The article has been amended to include statements by BP and WWF Scotland.
British oil firm BP has shut down production from its Clair offshore platform located West of Shetland.
In a statement sent to Offshore Energy Today, BP confirmed that “a quantity of oil in water was released to the sea from the Clair platform,” on Sunday, October 2, at approximately 10 a.m.
BP said the incident happened as a result of a technical issue with the system designed to separate the mixed production fluids of water, oil and gas.
“The release was stopped within an hour once the issue had been identified and Clair production was taken offline. We are investigating the cause of the technical issue and the field will remain offline until the investigation is concluded,” BP said.
Oil spill and environmental experts from BP, Oil Spill Response Limited (OSRL) and the Department for Business, Energy and Industrial Strategy (BEIS) have been working together to assess any potential environmental impacts and to agree the best way to respond, the company explained.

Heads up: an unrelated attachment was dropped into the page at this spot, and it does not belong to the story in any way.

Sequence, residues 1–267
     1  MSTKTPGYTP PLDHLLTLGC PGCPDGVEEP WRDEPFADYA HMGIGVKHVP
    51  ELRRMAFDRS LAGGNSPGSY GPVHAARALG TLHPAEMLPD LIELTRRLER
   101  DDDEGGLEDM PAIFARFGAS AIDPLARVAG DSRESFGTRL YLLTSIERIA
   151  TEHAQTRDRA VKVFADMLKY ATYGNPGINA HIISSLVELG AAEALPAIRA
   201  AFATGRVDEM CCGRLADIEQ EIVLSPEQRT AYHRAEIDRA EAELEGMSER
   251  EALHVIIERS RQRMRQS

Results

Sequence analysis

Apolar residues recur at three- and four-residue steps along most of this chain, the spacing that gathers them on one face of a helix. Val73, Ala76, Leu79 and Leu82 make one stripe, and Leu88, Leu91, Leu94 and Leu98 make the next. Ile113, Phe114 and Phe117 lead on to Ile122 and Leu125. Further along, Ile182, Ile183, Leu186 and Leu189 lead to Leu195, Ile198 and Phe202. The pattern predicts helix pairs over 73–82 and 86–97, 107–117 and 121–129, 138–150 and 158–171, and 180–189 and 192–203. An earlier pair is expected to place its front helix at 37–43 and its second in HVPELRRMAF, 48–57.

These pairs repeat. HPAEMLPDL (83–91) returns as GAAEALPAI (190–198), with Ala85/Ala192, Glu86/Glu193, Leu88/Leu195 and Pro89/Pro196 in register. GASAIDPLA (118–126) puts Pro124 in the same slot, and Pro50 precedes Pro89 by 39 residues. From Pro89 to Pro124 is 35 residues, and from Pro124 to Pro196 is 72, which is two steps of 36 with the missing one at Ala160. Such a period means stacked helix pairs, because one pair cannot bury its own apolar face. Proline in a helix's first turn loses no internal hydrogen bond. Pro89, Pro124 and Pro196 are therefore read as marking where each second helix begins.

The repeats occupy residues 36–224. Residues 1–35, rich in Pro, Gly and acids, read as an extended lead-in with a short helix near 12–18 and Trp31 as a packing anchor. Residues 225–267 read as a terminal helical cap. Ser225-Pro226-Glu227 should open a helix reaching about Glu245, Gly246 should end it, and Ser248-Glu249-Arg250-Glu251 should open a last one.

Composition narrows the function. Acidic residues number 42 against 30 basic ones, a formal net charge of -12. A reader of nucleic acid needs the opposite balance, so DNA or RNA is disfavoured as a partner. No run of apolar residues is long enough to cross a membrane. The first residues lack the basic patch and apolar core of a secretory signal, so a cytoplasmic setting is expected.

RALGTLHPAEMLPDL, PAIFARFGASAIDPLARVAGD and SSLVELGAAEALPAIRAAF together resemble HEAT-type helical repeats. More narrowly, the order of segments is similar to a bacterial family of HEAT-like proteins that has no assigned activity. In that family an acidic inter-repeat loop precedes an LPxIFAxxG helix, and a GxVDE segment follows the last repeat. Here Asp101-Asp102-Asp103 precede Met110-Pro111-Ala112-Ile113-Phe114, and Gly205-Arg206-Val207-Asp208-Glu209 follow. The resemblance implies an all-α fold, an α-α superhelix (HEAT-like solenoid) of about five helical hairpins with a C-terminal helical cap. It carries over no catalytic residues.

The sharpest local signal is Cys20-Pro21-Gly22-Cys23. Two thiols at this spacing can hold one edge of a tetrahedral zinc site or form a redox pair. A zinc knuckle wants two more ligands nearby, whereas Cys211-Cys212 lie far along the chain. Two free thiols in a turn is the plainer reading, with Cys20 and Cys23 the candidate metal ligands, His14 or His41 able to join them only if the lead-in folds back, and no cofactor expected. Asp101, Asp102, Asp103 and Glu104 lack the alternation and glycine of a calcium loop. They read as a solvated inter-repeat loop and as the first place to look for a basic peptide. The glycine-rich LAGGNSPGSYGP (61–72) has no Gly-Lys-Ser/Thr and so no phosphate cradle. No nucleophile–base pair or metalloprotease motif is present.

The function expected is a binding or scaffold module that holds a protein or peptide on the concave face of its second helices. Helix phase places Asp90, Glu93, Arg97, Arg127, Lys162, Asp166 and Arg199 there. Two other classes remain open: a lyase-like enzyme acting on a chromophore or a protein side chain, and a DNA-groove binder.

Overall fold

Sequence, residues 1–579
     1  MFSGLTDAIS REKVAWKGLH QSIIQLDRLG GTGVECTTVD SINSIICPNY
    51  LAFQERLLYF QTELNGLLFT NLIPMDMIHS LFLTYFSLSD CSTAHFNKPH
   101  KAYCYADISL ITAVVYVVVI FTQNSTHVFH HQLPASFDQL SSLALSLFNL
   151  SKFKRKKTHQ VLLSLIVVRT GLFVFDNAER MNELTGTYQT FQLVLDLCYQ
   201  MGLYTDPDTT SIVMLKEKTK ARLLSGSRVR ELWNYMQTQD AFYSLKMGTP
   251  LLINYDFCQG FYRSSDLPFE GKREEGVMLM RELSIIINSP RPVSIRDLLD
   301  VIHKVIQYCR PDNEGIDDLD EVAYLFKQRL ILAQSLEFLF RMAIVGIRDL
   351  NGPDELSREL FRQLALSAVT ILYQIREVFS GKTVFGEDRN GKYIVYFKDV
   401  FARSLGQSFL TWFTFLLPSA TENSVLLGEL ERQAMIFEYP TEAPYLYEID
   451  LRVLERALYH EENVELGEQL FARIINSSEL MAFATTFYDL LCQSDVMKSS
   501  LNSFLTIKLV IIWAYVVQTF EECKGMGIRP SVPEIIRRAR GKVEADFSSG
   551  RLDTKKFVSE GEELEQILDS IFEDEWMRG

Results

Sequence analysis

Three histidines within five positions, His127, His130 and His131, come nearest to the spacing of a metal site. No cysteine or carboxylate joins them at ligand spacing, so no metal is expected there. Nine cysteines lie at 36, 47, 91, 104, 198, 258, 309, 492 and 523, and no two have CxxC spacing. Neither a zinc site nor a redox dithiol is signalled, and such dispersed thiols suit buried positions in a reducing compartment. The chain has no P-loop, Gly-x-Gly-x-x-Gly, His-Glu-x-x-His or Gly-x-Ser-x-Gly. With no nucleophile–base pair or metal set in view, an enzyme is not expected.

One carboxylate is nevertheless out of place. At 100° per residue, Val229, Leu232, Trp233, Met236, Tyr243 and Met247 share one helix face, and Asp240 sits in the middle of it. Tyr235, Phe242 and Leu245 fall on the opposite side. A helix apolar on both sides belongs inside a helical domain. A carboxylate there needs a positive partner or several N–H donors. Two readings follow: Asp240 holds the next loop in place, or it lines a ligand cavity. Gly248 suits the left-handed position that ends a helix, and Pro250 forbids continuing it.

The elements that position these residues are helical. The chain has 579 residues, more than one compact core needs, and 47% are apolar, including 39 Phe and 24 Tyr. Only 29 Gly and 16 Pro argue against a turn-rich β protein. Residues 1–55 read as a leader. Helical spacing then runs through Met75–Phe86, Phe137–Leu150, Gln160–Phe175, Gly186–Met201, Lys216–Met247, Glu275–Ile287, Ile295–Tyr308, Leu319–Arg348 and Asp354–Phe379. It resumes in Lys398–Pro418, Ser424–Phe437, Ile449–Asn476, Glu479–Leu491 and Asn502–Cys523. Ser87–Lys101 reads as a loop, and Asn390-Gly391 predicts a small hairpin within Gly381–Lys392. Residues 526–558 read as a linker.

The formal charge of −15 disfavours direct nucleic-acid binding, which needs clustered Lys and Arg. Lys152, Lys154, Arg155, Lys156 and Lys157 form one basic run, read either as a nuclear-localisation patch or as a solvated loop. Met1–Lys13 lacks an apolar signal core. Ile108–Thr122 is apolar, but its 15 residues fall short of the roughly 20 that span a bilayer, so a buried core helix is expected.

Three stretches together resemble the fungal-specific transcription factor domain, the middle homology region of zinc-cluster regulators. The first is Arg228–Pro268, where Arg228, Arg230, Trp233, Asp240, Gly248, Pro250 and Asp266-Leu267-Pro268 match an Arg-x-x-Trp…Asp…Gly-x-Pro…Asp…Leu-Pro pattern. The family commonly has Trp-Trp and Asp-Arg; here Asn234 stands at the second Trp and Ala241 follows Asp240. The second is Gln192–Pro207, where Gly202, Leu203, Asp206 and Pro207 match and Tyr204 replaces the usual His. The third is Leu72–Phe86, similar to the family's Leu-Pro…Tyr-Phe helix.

“At present, we believe the most appropriate response is to allow the oil to disperse naturally at sea, but contingencies for other action are being prepared,” said BP in the e-mail-
BP has observed oil on the sea surface and is monitoring its movement. Both direct observation and oil spill modeling indicate the oil to be moving in a northerly direction away from land. The total oil in water volume that was released has yet to be accurately assessed and work to determine this is ongoing.
In a statement sent to Offshore Energy Today, WWF Scotland director Lang Banks said: “It’s disappointing BP have been unable to provide an estimate of the amount of oil spilled yet feel able to say they are happy to leave it to disperse naturally.”
“In the interests of protecting their staff and the marine environment, serious questions need asked about how this spill occurred. Until those questions are answered the platform should remain out of operation.”
The Clair field is located some 75 kilometers West of the Shetland Islands in some 150m water depth.
Offshore Energy Today Staff